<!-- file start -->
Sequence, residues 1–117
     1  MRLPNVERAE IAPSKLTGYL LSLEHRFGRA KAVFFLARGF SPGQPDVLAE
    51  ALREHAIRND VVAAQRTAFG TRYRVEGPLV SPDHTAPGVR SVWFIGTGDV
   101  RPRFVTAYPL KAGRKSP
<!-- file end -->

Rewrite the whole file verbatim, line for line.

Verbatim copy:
Sequence, residues 1–117
     1  MRLPNVERAE IAPSKLTGYL LSLEHRFGRA KAVFFLARGF SPGQPDVLAE
    51  ALREHAIRND VVAAQRTAFG TRYRVEGPLV SPDHTAPGVR SVWFIGTGDV
   101  RPRFVTAYPL KAGRKSP